CAPTCHA's that stop your robots.
It used to be that comment spam was done to improve the search engine ranking of websites. That motivation has largely gone away with the development of the
"nofollow"tag. Blogs such as "Go To Hellman" attach add
rel="nofollow"to any links in the comment threads. This tells spidering robots not to follow the specified links and tells search engines to ignore the links for purposes of site ranking.
I guess the people who have been leaving spam comments on my blog didn't get that memo. It's annoying to have to delete the comments, especially the ones in Chinese where links get hidden around the periods in "...". I went to the Blogger help pages to see if there's any way to report the abusive commenters (this blog restricts anonymous comments, so there's at least a user profile for every comment). There isn't. What's worse, Google tells you that if you don't remove those spam comments, your site's ranking will be hurt. Then I had my bright idea. I clicked on one of the links left in the spam comment. Then I picked some keywords from the page and plugged them into Google to find the site. There, at the bottom of the search result, was an option: Dissatisfied? Help us improve. Google is asking for feedback. I pasted in the URL for my comment spammer's site, and checked the radio button labeled "The results included spam." I clicked send, and my spammer's site was bound for Google oblivion!
Beware, comment spammers, I'm going to report you!
nofollowmemo either? Some quick googling confirmed my suspicion, China's leading search engine, Baidu, doesn't pay attention to the
nofollowattribute! These comment spammers must be using my blog to juice their Baidu ranking!
Well maybe not. I did a few searches in Baidu. Baidu is probably the worst internet search engine I've ever tried! Baidu gives really stupid results for my vanity search. Baidu doesn't index my blog, my website, or anything I've ever posted. Perhaps China has blacked out the entire Google network, including Blogger, and Baidu doesn't see it any more. Or perhaps "Go To Hellman" has been banned for its post on Qin Shi Huangdi. Baidu has spidered a page from WorldCat that mentions some other Eric Hellman, and has picked up blog mentions of my by John Blyberg and in Dear Author but not much else. It's safe to assume that Baidu's strength is not English-language indexing.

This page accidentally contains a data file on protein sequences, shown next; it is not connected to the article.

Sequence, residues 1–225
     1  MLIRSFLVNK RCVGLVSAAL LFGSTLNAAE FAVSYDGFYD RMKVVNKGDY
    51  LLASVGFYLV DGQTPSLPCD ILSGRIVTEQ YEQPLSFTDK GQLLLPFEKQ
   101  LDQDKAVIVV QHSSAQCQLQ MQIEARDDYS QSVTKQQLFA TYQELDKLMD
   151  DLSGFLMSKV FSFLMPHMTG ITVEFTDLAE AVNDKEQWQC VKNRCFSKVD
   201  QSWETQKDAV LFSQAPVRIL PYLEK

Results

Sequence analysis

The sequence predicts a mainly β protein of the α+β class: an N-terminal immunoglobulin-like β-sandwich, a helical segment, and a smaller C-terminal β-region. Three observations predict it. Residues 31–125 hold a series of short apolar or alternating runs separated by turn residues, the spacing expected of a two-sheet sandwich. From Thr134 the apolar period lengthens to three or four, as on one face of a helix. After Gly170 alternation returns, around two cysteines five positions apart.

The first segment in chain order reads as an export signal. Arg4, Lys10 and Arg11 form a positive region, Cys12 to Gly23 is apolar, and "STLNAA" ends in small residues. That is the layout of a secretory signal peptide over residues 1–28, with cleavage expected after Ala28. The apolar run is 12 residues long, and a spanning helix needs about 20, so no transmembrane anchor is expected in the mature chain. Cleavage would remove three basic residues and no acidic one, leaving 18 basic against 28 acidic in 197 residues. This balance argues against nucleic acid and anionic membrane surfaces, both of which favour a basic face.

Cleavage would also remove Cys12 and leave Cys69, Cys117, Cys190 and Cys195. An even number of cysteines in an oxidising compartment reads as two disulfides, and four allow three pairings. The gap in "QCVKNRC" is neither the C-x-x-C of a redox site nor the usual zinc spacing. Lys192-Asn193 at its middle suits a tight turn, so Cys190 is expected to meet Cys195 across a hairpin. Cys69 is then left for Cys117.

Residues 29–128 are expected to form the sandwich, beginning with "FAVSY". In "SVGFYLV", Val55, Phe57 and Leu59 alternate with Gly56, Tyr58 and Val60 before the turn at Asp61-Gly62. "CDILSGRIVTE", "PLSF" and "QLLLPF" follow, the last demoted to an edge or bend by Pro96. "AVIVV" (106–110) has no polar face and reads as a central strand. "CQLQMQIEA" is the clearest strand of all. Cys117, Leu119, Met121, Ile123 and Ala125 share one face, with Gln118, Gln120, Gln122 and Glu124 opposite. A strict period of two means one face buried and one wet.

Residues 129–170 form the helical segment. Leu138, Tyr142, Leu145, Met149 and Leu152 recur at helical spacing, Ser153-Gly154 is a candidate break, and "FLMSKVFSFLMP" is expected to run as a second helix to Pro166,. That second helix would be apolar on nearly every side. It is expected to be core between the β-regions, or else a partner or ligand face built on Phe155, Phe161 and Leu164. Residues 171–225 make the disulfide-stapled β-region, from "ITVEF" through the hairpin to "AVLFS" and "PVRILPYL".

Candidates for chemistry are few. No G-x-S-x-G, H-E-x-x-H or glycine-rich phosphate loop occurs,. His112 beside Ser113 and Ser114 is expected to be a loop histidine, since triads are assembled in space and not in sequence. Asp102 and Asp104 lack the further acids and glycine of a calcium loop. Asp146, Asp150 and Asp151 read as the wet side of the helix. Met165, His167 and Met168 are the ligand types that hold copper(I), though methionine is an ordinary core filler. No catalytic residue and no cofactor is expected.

So if Baidu doesn't index my blog, then spammers shouldn't be able to improve their Baidu rankings with comment spam in my blog. There must be some other motivation for the comments.
Another thing I noticed is that Baidu seems to be big on searching for MP3's and PDF's. It ranks sites like Rapidshare rather highly. Maybe Baidu and similar search engines spider websites like my blog to discover the mp3 files, the PDFs, and the video files that Baidu users are really looking for, and the intended audience of the spam comments is these content spiders. My blog has discussed ebooks, piracy and related topics, so maybe the spammers think its a good source for links to content. Who knows?
Another possibility is that the spammers are trying to get bloggers themselves to visit the their sites. "Patrick" from Madras is trying to sell "web templates". It turns out that his site has copied content from another site marketing web templates, which appear to me to be copies of other websites with much of the content stripped out. It's ironic: Patrick seems to be using a template for a web-template selling website to sell web templates.
After a few days, I checked back to see if the website I had complained about had been removed from Google or not. As it turns out, the site actually improved its Google ranking from #5 to #1 in my test search. So much for my career in comment spam scourgedom!